• Cheng WN, Jeong CH, Seo HG and Han SG. 2019. Moringa extract attenuates inflammatory responses and increases gene expression of casein in bovine mammary epithelial cells. Animals 9 (7): 391.
  • Decoursey TE and Ligeti E. 2005. Regulation and termination of NADPH oxidase activity. Cellular and Molecular Life Sciences CMLS 62 (19): 2173-2193.
  • Dragana ZT, Jovan BS, Ivan MG, Zoran NR, Tijana BK, Nadežda BT, Blagoje PPand Zorana RK. 2022. Review of trends in essential oils as alternatives to antibiotics in bovine mastitis treatment. Matica Srpska Journal for Natural Sciences 142: 47-60.
  • Forno-Bell N, Bucarey SA, García D, Iragüen D, Chacón O and San Martín B. 2019. Antimicrobial Effects caused by Aloe barbadensis miller on bacteria associated with mastitis in dairy cattle. Natural Product Communications 14 (12).
  • Garcia A. 2004. Contagious vs. Environmental Mastitis. Ex t e n si o n Ex tr a . Pa p e r 1 2 6 . Ac c e ss a t http://agbiopubs.sdstate.edu/articles/ExEx4028.pdf.
  • Gupta A, Mahajan S and Sharma R. 2015. Evaluation of antimicrobial activity of Curcuma longa rhizome extract against Staphylococcus aureus. Biotechnology reports 1 (6): 51-55.
  • Hamadani H, Khan AA, Banday MT, Ashraf I, Handoo N, Bashir A and Hamadani A. 2013. Bovine mastitis- A disease of serious concern for dairy farmers. International Journal of Livestock Research 3 (1): 42- 55.
  • Hassan H, Murad W, Tariq A and Ahmad A. 2014. Ethnoveterinary study of medicinal plants in Malakand Valley, district Dir (lower), Khyber Pakhtunkhwa, Pakistan. Irish Veterinary Journal 67 (1): 1-6.
  • Jozwik A, Krzyzewski J, Strzalkowska N, Polawska E, Bagnicka E,Wierzbicka A, Niemczuk K, Lipinska Pand Horbanczuk JO. 2012. Relations between the oxidative status, mastitis, milk quality and disorders of reproductive functions in dairy cows – a review. Animal Science Papers and Reports 30 (4): 297-307.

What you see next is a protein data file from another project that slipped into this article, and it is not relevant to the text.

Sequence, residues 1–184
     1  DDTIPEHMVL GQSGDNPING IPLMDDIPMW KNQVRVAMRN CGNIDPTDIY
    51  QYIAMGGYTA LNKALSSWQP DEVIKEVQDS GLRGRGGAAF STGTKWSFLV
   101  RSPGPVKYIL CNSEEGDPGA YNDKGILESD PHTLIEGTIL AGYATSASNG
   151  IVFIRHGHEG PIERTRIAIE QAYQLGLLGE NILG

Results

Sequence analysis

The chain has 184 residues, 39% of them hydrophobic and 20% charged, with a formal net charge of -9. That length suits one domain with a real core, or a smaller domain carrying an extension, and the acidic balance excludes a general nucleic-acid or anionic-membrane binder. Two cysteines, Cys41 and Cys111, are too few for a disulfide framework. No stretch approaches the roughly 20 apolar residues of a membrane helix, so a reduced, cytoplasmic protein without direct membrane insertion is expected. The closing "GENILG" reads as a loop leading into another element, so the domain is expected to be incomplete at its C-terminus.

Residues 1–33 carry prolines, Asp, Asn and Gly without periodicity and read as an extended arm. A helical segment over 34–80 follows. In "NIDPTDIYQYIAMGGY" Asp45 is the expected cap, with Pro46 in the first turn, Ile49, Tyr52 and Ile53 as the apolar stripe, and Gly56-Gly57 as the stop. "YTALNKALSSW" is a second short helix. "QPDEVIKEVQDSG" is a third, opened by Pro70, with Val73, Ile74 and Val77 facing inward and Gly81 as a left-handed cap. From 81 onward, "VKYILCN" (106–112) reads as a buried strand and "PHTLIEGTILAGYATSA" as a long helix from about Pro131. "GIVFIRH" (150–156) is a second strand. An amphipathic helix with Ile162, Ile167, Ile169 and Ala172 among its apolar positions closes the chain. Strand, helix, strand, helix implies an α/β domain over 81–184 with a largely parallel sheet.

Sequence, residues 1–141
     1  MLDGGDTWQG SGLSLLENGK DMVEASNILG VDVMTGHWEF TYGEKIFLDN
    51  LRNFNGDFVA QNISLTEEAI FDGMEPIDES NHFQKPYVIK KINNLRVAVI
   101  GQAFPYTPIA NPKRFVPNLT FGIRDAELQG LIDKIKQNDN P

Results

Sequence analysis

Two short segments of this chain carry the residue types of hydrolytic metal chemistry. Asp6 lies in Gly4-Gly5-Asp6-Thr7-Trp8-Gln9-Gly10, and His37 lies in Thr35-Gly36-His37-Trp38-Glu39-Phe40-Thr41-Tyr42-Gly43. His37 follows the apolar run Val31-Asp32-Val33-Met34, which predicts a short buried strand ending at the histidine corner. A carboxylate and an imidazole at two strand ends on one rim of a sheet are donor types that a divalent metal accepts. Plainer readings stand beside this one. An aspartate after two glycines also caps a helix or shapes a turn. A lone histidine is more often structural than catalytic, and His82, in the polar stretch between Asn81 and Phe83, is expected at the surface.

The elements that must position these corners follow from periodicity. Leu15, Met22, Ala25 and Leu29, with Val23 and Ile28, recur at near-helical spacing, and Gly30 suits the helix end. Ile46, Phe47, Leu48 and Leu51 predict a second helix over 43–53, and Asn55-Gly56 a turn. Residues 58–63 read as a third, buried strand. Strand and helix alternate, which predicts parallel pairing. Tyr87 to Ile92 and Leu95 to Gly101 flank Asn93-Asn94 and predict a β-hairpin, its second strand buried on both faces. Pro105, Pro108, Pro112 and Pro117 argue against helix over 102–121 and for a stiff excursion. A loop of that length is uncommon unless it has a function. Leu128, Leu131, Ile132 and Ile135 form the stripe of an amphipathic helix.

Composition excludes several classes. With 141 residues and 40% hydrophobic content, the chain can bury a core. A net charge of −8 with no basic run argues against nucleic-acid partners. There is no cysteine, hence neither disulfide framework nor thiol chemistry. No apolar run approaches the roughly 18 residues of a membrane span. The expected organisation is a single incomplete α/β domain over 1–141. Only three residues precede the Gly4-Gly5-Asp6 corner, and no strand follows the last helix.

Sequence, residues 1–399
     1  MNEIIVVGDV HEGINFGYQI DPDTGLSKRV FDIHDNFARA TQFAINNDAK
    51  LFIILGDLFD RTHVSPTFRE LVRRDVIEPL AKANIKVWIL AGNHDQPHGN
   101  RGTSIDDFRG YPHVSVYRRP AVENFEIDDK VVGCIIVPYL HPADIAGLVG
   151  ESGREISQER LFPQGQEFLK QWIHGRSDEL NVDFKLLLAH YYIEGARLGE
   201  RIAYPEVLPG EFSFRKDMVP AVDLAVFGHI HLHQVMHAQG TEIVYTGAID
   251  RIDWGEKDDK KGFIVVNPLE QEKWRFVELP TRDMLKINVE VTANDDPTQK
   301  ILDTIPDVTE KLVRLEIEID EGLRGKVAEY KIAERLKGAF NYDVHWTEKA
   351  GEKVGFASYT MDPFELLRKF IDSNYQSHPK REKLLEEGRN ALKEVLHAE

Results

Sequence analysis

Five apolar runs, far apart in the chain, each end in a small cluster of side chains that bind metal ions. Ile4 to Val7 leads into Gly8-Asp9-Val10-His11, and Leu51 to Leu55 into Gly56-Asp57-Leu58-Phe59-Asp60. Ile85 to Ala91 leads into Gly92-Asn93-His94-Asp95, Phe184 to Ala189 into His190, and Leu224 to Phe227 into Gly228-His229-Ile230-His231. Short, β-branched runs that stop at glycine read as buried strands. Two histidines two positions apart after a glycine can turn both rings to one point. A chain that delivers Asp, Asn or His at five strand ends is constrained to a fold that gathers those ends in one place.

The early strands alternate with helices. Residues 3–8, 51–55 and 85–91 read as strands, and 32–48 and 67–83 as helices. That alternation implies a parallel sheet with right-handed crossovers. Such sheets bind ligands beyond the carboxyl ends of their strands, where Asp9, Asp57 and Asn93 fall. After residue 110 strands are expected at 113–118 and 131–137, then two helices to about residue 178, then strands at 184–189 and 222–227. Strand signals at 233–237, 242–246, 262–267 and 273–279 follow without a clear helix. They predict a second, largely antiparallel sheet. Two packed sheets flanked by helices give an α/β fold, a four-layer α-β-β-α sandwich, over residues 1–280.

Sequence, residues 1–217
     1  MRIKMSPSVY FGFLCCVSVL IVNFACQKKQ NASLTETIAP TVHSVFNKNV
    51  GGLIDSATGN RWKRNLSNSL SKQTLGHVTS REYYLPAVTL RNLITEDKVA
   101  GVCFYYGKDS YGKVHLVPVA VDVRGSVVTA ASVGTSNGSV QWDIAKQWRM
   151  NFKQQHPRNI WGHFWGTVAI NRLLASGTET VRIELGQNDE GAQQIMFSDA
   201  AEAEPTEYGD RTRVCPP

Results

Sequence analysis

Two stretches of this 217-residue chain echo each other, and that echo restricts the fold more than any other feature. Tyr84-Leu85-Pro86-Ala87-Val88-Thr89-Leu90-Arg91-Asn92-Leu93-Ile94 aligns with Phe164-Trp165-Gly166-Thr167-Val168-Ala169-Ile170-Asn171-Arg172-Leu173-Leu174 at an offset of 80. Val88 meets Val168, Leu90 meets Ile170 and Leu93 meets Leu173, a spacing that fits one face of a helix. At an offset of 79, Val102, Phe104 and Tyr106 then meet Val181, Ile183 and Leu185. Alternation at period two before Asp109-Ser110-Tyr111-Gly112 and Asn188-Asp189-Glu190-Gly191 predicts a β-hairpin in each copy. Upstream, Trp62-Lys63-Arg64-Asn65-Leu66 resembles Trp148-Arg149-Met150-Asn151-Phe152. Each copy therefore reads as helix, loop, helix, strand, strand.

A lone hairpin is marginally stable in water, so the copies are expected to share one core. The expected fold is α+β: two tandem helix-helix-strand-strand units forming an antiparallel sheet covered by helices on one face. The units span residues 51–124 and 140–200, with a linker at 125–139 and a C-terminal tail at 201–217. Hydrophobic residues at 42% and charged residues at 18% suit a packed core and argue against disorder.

• Loboda A, Damulewicz M, Pyza E, Jozkowicz Aand Dulak J. 2016. Role of Nrf2/HO-1 system in development, oxidative stress response and diseases: an evolutionarily conserved mechanism. Cellular and Molecular Life Sciences 73 (17): 3221-3247.
  • Matekaire T and Bwakura TM. 2004. Ethnoveterinary medicine: A potential alternative to orthodox animal health delivery in Zimbabwe. International Journal of Applied Research in Veterinary Medicine 2 (4): 269- 273.
  • Mukherjee R, Dash PK and Ram GC. 2005. Immunotherapeutic potential of Ocimum sanctum (L) in bovine subclinical mastitis. Research in Veterinary Science 79 (1): 37-43.
  • Mullen KA, Sparks LG, Lyman RL, Washburn SP and Anderson KL. 2013. Comparisons of milk quality on North Carolina organic and conventional dairies. Journal of Dairy Science 96 (10): 6753-6762.
  • Ogbueniu IP, Odomenam VU, Obikaonu HO, Opara MN, Emenalom OO, Uchegbu, MC, Okoli IC, Esonu BO and Loej MU. 2011. The growing importance of neem (Azadirachta indica) in agriculture industry, medicine and environment: A Review. Research Journal of Medicinal Plants 5: 230-245.
  • Oliver SP and Murinda SE. 2012. Antimicrobial resistance of mastitis pathogens. Veterinary Clinics of North America: Food Animal Practice 28 (2): 165-185.
  • Pankey JW, Eberhart RJ, Cuming AL, Daggett RD, Farnsworth RJ and McDuff CK. 1984. Uptake on post milking teat antisepsis. Journal of Dairy Science 67 (6): 1336-1353.
  • Pinedo P, Karreman H, Bothe H, Velez J, and Risco C. 2013. Efficacy of a botanical preparation for the intramammary treatment of clinical mastitis on an organic dairy farm. The Canadian Veterinary Journal 54 (5): 479.
  • Pyorala S. 2003. Indicators of inflammation in the diagnosis of mastitis. Veterinary Research 34 (5): 565-578.